Massive star formation requires extreme temperatures, densities, shocks, and turbulent conditions. Such conditions are often found in super star clusters which are defined by their high luminosities over 2000000 Lsun, compact sizes of a few parsecs, young ages of 100000 yrs, and contain hundreds of very massive stars greater than 8 Msun. I am interested in using archival observations as well as proposing for my own observations on ground-based (ALMA, Magellan, Gemini South) and space-based (Herschel, Spitzer, Hubble, SOFIA, JWST) instruments to study the birthplace of extremely massive stars.

I am on the JWST MIRI team. MIRI is the Mid-InfraRed Instrument. My work involves testing and calibrating the Medium Resolution Spectrograph and IFU capabilities. I am also on the JWST GTO team and I will be using MIRI and NIRCam imaging and spectroscopic capabilities to study the N79 region of the Large Magellanic Cloud, which is host to a super star cluster candidate H72.97-69.39. Multi-band photometry with JWST of the N79 region will identify individual massive and low-mass young stellar objects in a crowded field. Infrared spectroscopy will reveal the youngest and most embedded young stellar objects with ice and silicate features, some of which are just a few thousand years old.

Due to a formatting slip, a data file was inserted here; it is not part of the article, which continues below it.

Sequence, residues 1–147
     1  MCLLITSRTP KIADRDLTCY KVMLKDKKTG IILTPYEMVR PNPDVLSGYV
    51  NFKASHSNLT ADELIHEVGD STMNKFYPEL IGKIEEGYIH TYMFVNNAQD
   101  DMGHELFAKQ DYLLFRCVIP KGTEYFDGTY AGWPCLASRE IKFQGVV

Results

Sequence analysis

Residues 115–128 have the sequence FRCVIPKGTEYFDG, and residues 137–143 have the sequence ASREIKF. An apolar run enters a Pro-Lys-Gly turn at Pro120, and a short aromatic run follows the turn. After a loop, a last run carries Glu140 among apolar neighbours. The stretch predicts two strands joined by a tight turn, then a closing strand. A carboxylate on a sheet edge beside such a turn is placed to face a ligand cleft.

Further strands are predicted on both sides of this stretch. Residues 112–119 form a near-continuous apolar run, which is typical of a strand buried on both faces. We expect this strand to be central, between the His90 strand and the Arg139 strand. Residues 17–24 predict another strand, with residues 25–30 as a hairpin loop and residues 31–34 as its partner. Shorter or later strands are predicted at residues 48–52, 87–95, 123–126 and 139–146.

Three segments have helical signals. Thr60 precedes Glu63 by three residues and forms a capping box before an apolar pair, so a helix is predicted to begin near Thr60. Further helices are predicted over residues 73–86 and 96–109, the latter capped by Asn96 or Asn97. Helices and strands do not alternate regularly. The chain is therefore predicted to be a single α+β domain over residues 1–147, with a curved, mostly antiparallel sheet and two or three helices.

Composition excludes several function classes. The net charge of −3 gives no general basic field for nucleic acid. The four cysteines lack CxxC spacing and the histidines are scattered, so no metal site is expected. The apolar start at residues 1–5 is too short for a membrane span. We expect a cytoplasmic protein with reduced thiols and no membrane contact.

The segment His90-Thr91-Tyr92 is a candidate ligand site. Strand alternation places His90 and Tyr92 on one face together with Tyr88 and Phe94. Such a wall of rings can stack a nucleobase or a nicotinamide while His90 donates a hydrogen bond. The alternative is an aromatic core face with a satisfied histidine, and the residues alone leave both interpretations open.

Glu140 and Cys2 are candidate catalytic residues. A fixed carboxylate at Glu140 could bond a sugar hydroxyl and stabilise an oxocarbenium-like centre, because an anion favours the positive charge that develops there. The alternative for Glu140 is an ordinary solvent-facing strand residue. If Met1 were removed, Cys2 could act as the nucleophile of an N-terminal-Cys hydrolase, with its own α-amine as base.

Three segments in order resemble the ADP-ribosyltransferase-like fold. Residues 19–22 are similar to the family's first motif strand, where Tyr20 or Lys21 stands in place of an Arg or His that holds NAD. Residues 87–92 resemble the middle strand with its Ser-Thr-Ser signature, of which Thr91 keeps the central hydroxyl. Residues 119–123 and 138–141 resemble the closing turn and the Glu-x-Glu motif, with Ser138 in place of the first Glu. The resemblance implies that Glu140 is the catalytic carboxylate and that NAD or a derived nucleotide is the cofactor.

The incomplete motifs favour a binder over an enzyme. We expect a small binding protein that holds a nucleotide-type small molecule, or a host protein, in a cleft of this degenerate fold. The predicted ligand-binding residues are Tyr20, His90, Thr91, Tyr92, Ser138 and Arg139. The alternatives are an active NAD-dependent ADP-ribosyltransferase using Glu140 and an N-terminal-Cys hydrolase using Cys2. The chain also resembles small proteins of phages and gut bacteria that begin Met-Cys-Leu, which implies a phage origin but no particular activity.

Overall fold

The instruments on JWST will have angular resolutions 10 times better than Spitzer and sensitivities over a hundred times better than current instruments. We will be able to study star formation at sub-parsec (0.05 parsec) scales in the Large Magellanic Cloud. High resolution interferometric, photometric, and spectroscopic data will be key to determining the formation process of super star clusters and the effect of the massive O stars on local and galaxy-wide scales.